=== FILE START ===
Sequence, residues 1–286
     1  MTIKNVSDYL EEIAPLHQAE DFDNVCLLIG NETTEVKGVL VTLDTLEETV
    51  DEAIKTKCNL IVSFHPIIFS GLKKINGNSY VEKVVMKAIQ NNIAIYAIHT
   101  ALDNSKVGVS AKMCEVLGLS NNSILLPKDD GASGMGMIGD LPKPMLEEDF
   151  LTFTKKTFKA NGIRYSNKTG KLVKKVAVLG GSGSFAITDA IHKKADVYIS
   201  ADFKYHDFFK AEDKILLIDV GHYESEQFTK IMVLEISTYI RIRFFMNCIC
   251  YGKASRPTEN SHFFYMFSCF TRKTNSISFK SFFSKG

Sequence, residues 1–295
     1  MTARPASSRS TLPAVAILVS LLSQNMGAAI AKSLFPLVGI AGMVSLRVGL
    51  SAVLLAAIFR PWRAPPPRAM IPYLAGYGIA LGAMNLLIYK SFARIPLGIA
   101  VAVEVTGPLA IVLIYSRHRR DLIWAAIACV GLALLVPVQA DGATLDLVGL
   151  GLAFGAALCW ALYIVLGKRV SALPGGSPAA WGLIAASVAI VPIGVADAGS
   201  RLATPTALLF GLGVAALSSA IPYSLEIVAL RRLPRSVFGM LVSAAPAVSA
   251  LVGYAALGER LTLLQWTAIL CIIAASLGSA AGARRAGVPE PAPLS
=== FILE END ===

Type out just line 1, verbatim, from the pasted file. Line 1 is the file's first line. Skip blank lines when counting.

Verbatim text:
Sequence, residues 1–286